Format: Hardcover
Was Richard Nixon the second coming of Hitler or the last great liberal president? Or, most likely, the greatest transformation artist since Lon Chaney? With all the spinning by Nixon and his foes, it may be impossible to ever definitively answer who our 37th president was. David Greenberg's compelling book tracks the many colors of this iconic chameleon. The first couple of chapters do a solid job recounting the Tricky Dicky days, kicked off by the warm (?), conniving (?), populist (?) Checkers speech-- Nixon's first great rebound. But it isn't until the Watergate and post-Watergate chapters that the book really takes off with fresh, provocative insights.
Greenberg escorts us down the twisted passageways of Nixon's psyche, recounting the many news, historical and entertainment sources that painted Nixon as an emotional cripple whose psychotic manipulations and paranoid rants wracked our nation's trust in government. Was that the real Nixon? The following section reviews the media sources, often prompted by the Nixon PR machine, that attempted to recast the by then ex-president as a great statesman who opened up China and held out an olive branch to the Soviets. Perhaps most suprising, and riveting, is the chapter that discusses the revisionist historians who paint Nixon's as the great liberal in conservative clothing-- the man who took the "Great Society" to new heights, shepherding legislation that integrated schools, bettered the lives of Native Americans, and expanded social programs for the poor.
Greenberg while refusing to swallow any of these images whole, uses his keen eye to find the credible core of each Nixonian persona. This is a memorable history that questions history itself, a book that asks-- is it possible to objectively capture any figure from history?
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11 of 12 people found the following review helpful By Nina Morrison on September 28, 2003
Format: Hardcover
Mixing psychology, media studies, political science, punditry, and good old-fashioned History with a capital 'H,' Greenberg manages to illuminate an oft-analyzed icon from a host of new and different perspectives. Reading this book was a bit like being a guest at a scintillating dinner party among intellectuals from a range of fields, in which a single topic dominates the evening's discussion and debate, but never gets boring because of the diversity of the company. Here, what is most impressive is that Greenberg (whom the book jacket indicates was trained as a traditional academic historian) manages to pull it off single-handedly, and so well. The breadth of 'takes' on Nixon included in this book was a risky move -- it might well have come out confusing, disjointed, or watered-down -- but like a modern-day Fred Astaire or Nipsey Russell, Greenberg manages to smoothly tap-dance across genres (and generations of Nixon fans & foes) without missing a beat. Hats off to the author for taking this risk, and for carrying it off with such grace and skill. Highly recommended for history buffs, pop culture buffs, and those of us who simply enjoy a good read.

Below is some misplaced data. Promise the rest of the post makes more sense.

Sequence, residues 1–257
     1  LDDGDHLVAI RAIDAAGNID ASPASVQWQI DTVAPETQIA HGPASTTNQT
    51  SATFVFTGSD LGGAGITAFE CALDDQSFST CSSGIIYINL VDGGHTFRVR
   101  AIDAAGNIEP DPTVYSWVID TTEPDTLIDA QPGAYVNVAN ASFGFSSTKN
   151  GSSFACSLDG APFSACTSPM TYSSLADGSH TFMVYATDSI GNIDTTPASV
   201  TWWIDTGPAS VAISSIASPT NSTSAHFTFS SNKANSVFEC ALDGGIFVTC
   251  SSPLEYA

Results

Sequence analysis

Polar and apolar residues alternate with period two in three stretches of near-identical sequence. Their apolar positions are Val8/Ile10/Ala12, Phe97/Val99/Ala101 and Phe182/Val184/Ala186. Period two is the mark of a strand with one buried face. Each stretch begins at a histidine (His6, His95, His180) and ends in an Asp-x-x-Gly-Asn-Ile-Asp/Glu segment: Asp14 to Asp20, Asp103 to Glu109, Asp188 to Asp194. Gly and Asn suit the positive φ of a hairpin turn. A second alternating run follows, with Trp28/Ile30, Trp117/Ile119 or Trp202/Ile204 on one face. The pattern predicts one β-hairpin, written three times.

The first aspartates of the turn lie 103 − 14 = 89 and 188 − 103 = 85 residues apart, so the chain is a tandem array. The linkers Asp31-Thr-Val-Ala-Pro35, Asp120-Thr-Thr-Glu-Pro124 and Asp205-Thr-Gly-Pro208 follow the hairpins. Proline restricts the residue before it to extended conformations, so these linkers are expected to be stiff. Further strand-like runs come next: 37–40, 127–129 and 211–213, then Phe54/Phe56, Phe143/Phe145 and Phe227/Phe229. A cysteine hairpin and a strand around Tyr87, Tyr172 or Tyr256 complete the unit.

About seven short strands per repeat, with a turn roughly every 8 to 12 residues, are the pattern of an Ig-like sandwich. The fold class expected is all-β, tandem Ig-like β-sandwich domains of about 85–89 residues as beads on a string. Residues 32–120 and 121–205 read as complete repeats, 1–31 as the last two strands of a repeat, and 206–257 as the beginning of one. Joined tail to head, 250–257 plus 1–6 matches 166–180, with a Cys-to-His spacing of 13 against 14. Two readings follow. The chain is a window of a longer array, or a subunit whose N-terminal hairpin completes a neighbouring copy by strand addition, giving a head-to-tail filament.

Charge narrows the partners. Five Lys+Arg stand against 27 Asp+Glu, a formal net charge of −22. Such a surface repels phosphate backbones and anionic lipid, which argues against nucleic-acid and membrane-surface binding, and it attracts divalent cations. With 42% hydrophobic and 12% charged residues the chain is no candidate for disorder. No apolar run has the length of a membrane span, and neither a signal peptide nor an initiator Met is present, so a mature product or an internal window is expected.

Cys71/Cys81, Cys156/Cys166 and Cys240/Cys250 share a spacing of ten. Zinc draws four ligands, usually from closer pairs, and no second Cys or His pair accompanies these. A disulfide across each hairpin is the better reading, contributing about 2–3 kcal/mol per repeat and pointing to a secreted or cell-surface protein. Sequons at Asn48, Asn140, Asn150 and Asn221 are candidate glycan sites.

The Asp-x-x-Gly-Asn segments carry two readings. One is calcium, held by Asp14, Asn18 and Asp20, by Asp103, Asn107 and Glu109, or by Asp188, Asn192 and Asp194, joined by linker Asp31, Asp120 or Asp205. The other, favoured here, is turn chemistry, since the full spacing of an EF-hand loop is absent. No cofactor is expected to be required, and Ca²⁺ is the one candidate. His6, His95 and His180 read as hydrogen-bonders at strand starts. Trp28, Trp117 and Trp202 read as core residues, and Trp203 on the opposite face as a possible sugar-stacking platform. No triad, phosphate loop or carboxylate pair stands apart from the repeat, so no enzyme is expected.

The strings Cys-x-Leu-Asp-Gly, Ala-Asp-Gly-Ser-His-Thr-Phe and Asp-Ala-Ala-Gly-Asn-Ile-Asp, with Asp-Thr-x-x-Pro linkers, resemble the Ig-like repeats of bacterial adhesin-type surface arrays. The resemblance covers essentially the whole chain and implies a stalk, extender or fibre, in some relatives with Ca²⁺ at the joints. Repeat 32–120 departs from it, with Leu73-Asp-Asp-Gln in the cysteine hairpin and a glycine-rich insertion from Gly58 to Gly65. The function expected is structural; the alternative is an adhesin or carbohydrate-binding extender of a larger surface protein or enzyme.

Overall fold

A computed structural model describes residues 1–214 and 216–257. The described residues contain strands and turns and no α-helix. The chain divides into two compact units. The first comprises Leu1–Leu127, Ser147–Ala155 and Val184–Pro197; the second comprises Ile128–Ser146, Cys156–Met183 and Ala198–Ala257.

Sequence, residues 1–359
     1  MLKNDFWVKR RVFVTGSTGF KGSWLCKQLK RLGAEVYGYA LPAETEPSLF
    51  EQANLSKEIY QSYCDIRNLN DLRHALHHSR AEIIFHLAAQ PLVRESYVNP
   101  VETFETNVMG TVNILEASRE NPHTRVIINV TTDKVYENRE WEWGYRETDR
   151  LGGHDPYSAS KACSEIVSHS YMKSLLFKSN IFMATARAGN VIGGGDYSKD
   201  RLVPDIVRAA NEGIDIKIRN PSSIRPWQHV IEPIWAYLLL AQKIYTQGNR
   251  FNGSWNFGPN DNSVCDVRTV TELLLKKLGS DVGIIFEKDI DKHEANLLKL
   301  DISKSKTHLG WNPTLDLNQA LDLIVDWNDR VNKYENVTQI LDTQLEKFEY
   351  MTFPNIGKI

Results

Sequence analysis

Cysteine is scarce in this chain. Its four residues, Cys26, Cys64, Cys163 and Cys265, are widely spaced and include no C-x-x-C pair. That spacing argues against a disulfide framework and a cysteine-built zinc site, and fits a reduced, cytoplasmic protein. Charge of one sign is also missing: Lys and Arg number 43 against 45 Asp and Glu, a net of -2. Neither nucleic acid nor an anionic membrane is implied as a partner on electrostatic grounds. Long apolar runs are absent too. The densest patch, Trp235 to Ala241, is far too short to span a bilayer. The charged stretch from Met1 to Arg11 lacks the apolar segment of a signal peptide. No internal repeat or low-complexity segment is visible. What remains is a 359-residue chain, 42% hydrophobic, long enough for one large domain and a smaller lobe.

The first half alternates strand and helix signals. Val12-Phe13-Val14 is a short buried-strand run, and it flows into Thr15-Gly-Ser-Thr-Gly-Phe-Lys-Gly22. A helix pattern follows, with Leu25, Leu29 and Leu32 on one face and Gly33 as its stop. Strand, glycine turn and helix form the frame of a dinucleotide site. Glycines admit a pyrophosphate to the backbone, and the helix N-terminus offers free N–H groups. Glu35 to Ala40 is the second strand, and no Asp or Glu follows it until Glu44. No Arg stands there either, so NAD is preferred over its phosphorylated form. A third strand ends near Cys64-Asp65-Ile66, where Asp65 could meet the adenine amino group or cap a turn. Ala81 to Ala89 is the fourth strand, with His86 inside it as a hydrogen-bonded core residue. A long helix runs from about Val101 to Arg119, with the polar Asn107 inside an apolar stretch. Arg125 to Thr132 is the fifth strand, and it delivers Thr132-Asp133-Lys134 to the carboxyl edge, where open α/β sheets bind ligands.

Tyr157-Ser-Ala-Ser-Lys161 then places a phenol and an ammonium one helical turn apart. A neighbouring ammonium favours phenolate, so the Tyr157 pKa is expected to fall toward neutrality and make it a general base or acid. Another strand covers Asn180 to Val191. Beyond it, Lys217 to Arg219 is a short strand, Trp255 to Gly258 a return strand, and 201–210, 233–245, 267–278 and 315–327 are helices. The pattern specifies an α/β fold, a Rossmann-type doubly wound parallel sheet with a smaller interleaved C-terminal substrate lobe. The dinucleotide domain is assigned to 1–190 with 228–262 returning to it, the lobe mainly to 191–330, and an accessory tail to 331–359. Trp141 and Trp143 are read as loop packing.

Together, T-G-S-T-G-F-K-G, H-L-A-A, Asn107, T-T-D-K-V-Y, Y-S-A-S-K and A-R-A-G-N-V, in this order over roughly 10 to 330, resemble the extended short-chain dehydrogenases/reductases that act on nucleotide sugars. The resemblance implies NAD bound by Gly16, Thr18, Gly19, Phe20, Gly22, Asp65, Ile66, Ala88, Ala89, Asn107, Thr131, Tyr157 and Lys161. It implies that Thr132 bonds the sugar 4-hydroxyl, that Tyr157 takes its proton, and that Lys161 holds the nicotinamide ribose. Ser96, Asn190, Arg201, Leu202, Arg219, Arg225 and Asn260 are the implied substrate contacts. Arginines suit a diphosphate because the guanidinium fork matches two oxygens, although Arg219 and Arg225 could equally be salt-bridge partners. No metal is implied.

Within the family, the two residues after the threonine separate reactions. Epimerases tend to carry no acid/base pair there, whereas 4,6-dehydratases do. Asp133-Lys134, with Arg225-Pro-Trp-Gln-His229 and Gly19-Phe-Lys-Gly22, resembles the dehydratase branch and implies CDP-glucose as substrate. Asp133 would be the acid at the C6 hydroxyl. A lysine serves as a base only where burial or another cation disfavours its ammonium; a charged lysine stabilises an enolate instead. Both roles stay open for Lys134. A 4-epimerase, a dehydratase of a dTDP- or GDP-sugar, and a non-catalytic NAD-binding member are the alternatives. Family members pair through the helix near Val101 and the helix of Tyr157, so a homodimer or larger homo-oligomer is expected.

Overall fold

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11 of 12 people found the following review helpful By Melissa on September 19, 2003
Format: Hardcover
This book is catching fire as the latest, most innovative take on Tricky Dick that has come out in a while, as well as an insightful look at the forces behind today's politics of image-making. The book offers a succession of revealing portraits of Nixon, seen through the eyes of all kinds of different Americans. It is a great read - filled with stories and vivid anecdotes of the former President's rise through politics, starting from small town California, through to the White House and then post-resignation exile. You will not put this book down. Budding politicos, Nixon-lovers, Nixon-haters and non-fiction lovers in general should get hold of it.
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13 of 15 people found the following review helpful By I. Joseph on September 24, 2003
Format: Hardcover
It amazes me that anybody reading this book would believe that having one central idea could be considered a flaw. The brilliance of this book is its central theme. The coherence brought to this subject is staggering, given past and often failed attempts to capture the essence of Nixon not as a political person, but as a political hydra.
The legwork it must have taken to build such a coherent narrative out of that many disparate sources is truly a remarkable achievement. To make it accessible to the non-academic reader is nothing short of a miracle and reflects the writer's well-established credentials as a seasoned political writer and editor. If this is book one, I eagerly look forward to his future efforts.
I would also recommend this book to anybody who wants to challenge his or her pre-conceived notions about who Richard Nixon was and what his influence will be on the political landscape of America. For the Nixon neophyte, the book frames the Nixon legacy into a well-organized source on an individual's significant role in the revolution and evolution of American politics towards image control and ideological spinning.